There are two aspects of software resiliency engineering: software resilience through the sound process of oriented security development and the current real-time operation of software with a positive human response in cycle operations. The overall program works in accordance with the concept that security is a core value along with the constant expectation of a potential software failure.
Thus, a person, by orienting security attention, helps to change the risk equation in the measures support system, to break the chain of cascade software failure of causality, at the same time, reducing the fragility of the system. The result is safer, more viable and predictable software performance, in collaboration with users, participating in the full extent of software processes and evolution.
The stability of engineering methods continues to manifest itself and focuses on the redundancy of logic software, adaptive intervention methods, intellectual analysis, among many other sound engineering techniques. Among engineering structures, there is a sound that is justified by a human resource, and operational management protocols are designed to focus on the crew’s abilities to adapt to changing conditions and mitigate even the most complex software emergencies. Through the clutches of resilient software development methods and the viability of technical organizational leadership and a team focused on managing emergency software, the complex system has the ability to survive a catastrophic failure, which helps prevent a total crew failure.
In our example, the backup life support system failed, because it was the same programming as the main system and, thus, in the same situation, the backup was also failed. A more robust system will use another program from the software package and a set of backup system algorithms to do the same work, making the system more stable.
A fault-tolerant system, like software, is more modular and mathematically provable, thereby providing more and more viable ways of adaptation, refactoring and repair. Reduced complexity and more standardized software and algorithmic structures will provide additional guarantees for improving stability.
Then man, as an element of a sustainable system, comes into play. After a life support system failure, the crew is on duty, immediately switching the system to backup components, in which a different set of software procedures, including a completely different set of mathematical logic, flows.
All crew members are trained in the nuances of the ship's hardware and software, as well as the responsibilities to understand all types of computational errors and how to cope with them. A considerable time later, the software system of the engineering team proceeds to work to repair the malfunction in the logical chain of the primary set of software procedures, since the backup system functions flawlessly.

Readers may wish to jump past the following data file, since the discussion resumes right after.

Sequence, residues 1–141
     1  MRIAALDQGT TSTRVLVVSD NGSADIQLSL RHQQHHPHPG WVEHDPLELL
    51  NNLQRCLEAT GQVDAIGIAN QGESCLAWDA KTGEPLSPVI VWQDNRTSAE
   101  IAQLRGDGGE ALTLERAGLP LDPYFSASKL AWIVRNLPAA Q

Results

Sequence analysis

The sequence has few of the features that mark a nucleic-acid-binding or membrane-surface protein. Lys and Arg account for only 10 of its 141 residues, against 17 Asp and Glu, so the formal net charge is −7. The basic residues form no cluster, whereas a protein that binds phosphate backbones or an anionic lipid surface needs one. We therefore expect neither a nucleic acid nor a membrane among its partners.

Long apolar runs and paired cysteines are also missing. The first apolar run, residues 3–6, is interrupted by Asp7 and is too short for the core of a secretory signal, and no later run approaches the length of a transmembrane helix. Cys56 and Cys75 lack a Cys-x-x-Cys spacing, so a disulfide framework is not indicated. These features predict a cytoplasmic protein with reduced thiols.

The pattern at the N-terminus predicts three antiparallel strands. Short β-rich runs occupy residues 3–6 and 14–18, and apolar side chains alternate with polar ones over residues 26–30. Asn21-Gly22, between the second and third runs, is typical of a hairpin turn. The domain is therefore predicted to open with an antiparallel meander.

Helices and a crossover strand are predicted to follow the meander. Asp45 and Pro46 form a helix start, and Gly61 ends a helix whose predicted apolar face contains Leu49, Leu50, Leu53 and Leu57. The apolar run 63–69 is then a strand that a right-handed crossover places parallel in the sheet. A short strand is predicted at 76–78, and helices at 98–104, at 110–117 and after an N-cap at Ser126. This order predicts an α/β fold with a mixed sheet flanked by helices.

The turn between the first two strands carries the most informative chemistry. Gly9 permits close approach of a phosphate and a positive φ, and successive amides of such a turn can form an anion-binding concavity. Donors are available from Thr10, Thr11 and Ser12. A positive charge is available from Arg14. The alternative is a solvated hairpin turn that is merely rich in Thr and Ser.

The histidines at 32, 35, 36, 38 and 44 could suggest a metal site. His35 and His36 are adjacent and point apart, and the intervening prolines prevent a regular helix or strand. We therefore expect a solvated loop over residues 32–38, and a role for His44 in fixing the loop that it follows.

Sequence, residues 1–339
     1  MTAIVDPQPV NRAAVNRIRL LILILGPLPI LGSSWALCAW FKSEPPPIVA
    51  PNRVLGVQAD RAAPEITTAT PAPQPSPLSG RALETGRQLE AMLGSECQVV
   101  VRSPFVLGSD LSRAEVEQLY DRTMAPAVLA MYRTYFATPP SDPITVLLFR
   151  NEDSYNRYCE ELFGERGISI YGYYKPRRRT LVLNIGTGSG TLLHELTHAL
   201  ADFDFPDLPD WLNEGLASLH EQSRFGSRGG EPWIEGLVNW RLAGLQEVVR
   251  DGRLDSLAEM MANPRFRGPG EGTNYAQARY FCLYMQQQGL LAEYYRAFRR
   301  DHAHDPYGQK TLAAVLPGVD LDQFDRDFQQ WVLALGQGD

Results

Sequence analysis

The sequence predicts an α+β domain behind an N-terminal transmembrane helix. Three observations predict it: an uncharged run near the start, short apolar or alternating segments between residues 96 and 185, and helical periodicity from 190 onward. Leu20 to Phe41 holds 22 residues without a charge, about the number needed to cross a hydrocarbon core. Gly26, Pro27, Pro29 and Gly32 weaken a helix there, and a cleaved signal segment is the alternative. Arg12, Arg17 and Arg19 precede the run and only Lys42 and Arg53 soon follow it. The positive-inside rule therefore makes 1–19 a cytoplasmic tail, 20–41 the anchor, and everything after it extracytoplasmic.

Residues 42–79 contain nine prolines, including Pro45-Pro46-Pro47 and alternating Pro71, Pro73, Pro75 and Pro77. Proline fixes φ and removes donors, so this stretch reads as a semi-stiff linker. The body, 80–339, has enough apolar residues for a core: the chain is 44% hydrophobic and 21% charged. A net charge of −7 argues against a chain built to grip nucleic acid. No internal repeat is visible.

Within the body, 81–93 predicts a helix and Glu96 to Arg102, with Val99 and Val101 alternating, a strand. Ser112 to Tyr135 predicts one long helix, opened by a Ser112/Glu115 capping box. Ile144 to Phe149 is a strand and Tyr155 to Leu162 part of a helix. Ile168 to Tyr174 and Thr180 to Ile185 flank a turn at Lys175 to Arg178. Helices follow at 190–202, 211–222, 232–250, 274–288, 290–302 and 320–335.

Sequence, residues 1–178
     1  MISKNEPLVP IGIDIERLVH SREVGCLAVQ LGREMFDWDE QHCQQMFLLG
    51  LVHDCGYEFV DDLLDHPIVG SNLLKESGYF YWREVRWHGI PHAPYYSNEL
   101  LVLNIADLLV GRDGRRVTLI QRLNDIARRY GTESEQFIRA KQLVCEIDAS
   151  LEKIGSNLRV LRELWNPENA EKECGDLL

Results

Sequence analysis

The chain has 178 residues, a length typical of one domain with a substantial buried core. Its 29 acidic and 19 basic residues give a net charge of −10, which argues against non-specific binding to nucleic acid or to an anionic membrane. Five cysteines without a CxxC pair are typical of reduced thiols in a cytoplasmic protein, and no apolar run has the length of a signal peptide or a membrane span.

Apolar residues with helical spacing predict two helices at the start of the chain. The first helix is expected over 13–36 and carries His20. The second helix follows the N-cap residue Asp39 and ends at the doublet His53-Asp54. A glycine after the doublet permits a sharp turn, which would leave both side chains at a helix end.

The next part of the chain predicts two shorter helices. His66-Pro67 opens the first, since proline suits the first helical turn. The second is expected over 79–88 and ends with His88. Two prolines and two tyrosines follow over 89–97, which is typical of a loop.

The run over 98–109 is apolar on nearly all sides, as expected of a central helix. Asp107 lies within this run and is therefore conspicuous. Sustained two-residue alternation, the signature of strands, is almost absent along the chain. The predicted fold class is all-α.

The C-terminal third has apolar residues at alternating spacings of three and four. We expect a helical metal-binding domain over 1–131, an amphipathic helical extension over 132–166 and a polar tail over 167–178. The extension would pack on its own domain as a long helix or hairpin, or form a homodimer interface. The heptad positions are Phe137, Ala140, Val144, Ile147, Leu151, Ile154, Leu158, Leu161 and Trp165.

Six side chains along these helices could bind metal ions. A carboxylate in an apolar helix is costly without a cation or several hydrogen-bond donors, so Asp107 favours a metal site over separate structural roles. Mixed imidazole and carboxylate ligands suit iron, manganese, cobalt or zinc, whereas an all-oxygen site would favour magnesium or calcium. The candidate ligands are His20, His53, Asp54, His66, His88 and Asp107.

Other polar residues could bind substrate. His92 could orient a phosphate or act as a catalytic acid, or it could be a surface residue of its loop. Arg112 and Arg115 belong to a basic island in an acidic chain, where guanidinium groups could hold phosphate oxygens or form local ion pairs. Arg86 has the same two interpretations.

The repair task is simpler, since the software is more modular, easily decomposed hierarchically, and carefully documented in design, architecture, and also in its mathematically proven structures. The team is complemented by a set of second-tier software engineers who have the necessary development and perform the secondary functions of the crew and highly qualified primary software team.
The script was well rehearsed in advance, during training, and the player of each team is familiar with its function: coder, verifier, mathematician, tester, and implementer. In a systematically organized engineering management activity, a new set of logic is developed and coded for the main system. Within two days he is checked and eventually goes to work. After the implementation of the experiment with the full participation of the crew, the ship returned to the original order of battle.
By applying perseverance in software development and real-time operation of the spacecraft, the crew can increase the survivability of the ship, even at a time when serious software problems arise. Thanks to the development and application of cutting-edge theories and methodologies for developing software for sustainability, the ship will have the tools and trained crew to safely carry out in-depth software operations.
Methods of sustainability can also be applied to other forms of technology, as well as operations on ships, creating a holistic safety culture that will improve the overall survival of the ship.
Thus, sustainability will make the ship a long-lived, destined to pass through a galaxy with endless possibilities for present and future generations. Even when there is no chance before the Borg. The mission of Icarus Interstellar is to promote the development of spacecraft research, both for manned and unmanned vehicles. The software will take a huge part of these future systems, and the stability of the study will help to achieve the ultimate goals, first of all, to get to the stars, and then move between them, as in an interstellar civilization.